From Carried to Worn: How Wearable Tech is Changing Sports

By Lindsey Patterson April 20, 2016
Image via Pexels.com

Wearable technology has remained a quiet revolution focused on athletic training applications few other devices can emulate. Ever since the first accelerometer was installed in a mobile phone, the vision for technology that can track, analyze and record kinetics has been in development. It was only a matter of time before other sensors and the software to utilize them became part of a suite of device enhancements that can provide useful telemetry. 

Inventions

These are not new inventions by any stretch. Medical telemetry sensors have been in use since the space program in the 1960s. The difference now is that generalized software can be combined with specialized hardware to produce tools that athletes from amateur to pro can use to invent their own training program and track the data so they can measure their progress. 

This kind of application shouldn't be too quickly overlooked. There are enormous implications for a device that can monitor human health and the effectiveness of a training program over time. Disciplines and academic fields from therapy to sports medicine to prosthetics can benefit from the kind of information these tools can provide, especially if they can be evaluated by highly trained specialists, medical professionals and accomplished coaches. 

Wearable 

Technology that can be worn rather than carried has had a rocky start. There are a lot of problems related to human nature that technology, for all its innovation and progress, is simply not equipped to solve. There is no math that can fix the fact that big electronic thing on your face makes you look silly. That said, those are solvable problems, and the companies advancing wearable technology insist the benefits outweigh the obstacles. 

What manufacturers are learning is the process of combining their expertise with the knowledge and capabilities of the fashion and sports accessories industries alongside the types of life insurance benefits they can receive will not only train them to synthesize the strengths of the two, but to find ways to advance them both when building new applications of their technology and fashion.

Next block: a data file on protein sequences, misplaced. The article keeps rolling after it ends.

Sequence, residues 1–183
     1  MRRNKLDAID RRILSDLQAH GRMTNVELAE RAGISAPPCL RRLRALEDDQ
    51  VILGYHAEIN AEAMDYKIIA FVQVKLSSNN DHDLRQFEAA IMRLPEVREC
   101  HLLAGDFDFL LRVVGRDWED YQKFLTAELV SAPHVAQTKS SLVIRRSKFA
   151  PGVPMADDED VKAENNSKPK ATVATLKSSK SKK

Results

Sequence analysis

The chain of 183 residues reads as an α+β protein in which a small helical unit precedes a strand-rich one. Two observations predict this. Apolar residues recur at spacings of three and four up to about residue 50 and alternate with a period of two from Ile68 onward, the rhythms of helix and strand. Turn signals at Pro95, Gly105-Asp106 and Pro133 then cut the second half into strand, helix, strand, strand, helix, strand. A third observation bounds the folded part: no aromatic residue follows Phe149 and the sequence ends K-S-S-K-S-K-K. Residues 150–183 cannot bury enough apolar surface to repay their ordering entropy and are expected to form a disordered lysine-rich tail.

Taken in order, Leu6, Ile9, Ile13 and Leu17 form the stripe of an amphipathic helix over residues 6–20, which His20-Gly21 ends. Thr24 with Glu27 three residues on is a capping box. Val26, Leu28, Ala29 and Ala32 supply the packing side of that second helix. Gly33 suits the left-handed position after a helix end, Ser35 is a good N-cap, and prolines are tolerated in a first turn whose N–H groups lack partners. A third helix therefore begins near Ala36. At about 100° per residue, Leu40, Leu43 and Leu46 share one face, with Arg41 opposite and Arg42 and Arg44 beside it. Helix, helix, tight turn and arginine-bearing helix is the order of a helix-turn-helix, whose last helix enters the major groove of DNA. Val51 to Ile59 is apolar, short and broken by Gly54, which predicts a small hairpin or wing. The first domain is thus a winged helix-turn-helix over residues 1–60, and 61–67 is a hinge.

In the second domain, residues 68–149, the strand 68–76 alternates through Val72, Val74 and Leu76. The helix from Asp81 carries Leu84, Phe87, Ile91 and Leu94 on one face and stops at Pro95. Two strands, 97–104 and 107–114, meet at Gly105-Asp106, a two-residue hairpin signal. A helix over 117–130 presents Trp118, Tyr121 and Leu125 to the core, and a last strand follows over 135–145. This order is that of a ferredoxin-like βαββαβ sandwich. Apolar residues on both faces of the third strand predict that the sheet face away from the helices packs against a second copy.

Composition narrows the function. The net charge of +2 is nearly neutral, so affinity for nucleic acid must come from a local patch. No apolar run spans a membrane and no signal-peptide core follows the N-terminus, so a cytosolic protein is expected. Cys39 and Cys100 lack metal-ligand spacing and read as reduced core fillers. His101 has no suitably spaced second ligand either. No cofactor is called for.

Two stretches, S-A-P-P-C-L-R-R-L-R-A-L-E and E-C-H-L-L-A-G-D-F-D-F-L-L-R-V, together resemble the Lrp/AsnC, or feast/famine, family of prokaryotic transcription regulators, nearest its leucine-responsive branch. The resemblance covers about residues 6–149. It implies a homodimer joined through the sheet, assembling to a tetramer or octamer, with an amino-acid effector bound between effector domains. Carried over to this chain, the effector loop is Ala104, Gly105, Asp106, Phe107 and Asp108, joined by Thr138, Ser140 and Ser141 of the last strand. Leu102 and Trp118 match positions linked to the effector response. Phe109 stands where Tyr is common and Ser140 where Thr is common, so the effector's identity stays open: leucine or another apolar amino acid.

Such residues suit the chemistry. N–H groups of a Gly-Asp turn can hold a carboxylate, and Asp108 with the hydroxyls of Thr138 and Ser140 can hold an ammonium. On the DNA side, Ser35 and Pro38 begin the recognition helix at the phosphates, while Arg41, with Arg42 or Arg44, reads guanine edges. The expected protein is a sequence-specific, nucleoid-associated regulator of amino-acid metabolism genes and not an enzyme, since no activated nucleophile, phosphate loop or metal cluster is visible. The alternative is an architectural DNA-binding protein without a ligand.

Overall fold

Motivation 

Companies like Intel contend that wearable technology designed to facilitate and enhance the process of athletic training can help motivate people to engage with their regimen in exciting new ways. The market for wearable sports-related technology is projected to increase dramatically between 2017 and 2020, with some companies estimating as many as 50 billion devices connected in an "Internet of Things" structure that may have a wide variety of applications of its own. 

This trend towards wearable devices will probably get a faster start in countries like Japan, where the appetite for new and useful technology is well-established. Wherever athletic prowess is valued and celebrated, however, the capabilities of these applications will continue to advance.

Integration 

Once the two elements of a great device are perfected, combining them becomes a literal question of form and function. Eventually, every product will require an "it also does" statement somewhere in its description. Integrating single-use devices is much easier for a manufacturer when they can mimic an already popular and useful product category. Headphones that monitor heart rate, for example, are going to be a much easier sell than a heart rate monitor by itself. 

The marketing strategy for these kinds of products will be to get customers used to the idea of having biometric and medical telemetry options in their technology. If they become a popular option, then customers will start to look for them, and that will make the process of getting the two separate product categories integrated that much easier and far more lucrative for both the technology companies and the fashion designers. 

The next step is likely to be haptics, where devices are simply woven into fabric and link up on their own to provide both tactile and telemetric feedback. Again, generalized software combined with specialized hardware will make these products a quicker sell, and if synthesis and integration can be successfully accomplished, they will become a consistent success as well. 




Edited by Stefania Viscusi

Contributing Writer

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